Juveniles and School Interrogations: Possible Implications of In re J.D.B.

In NLLSA on June 6, 2011 by Barbara

In re J.D.B. involves a thirteen-year-old special education student who was questioned at school in the principal’s office by police officers about his involvement in a string of burglaries that occurred outside of school.  J.D.B. was not Mirandized.  Ultimately, the Supreme Court of North Carolina found that the minor, J.D.B. was not in custody and, therefore, was not entitled to Miranda protections.  As a result, the denial of his motion to suppress his confession made during questioning at school was affirmed and his adjudication upheld.

The Supreme Court of the United States created the Miranda rule to counter-balance the inherently compelling pressures present in any standard police interrogation and to mitigate the unreliable evidence and false confessions that these interrogations can produce.  However, Miranda warnings are not required until a person is (1) interrogated while in (2) custody.  The custody inquiry is designed to give police clear guidance and is an objective test about whether a reasonable person believes himself to be under the equivalent of arrest.  Consideration of individual characteristics, including age, is considered a subjective inquiry—today that is up for debate.

In March 2011, the Supreme Court of the United States has heard oral arguments in In re J.D.B. to determine whether a trial court may consider a juvenile’s age in a Fifth Amendment Miranda custody analysis in evaluating the totality of the objective circumstances and determining whether a reasonable person in the juvenile’s position would have felt he or she was free to terminate police questioning and leave.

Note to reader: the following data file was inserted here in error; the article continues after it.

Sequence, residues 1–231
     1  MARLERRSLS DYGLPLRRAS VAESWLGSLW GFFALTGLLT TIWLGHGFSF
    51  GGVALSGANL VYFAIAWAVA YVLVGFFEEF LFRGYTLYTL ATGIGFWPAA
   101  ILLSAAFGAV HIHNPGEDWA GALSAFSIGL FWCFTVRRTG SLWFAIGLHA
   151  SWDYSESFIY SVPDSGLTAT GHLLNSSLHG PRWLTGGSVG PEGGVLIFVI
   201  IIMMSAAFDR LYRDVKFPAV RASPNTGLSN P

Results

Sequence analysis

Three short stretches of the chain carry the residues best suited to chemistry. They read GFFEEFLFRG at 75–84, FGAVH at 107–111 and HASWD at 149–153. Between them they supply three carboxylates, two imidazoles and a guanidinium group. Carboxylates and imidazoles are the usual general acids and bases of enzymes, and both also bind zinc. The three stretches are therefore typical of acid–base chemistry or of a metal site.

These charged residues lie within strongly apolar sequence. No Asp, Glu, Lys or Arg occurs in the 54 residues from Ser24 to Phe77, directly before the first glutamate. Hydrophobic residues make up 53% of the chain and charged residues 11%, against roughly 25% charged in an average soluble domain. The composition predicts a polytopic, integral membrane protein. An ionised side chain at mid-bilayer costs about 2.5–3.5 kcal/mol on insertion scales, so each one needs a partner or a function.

Petitioners argue that age is an objective circumstance, as it exists apart from thought.  And, they argue, juveniles are especially vulnerable to making false confessions and unreliable statements in response to police interrogation tactics like those used against J.D.B.  The state contends that if a suspect’s age and experience are put into the constitutional calculus that would require speculation by police officers as to how such factors would affect the suspect’s state of mind, thereby turning the inquiry into a subjective one.  And, even when police do know a suspect’s age, it may be difficult for them to ascertain what bearing it has on the likelihood that the suspect would feel free to leave.

It can’t be argued that schools are inherently a coercive environment designed to elicit compliance by students to authority.  School attendance and submission to authority are compulsory.  Students are never free to leave, not cooperate, or terminate an interaction with an authority figure.  If this ruling is allowed to stand, the lower standard for school interrogations will create an incentive for police officers to interrogate juveniles at school for crimes they are suspected of having committed outside of school.


Frankie Guzman is a rising third-year student at UCLA School of Law and serves as NLLSA’s Pacific Regional Director.


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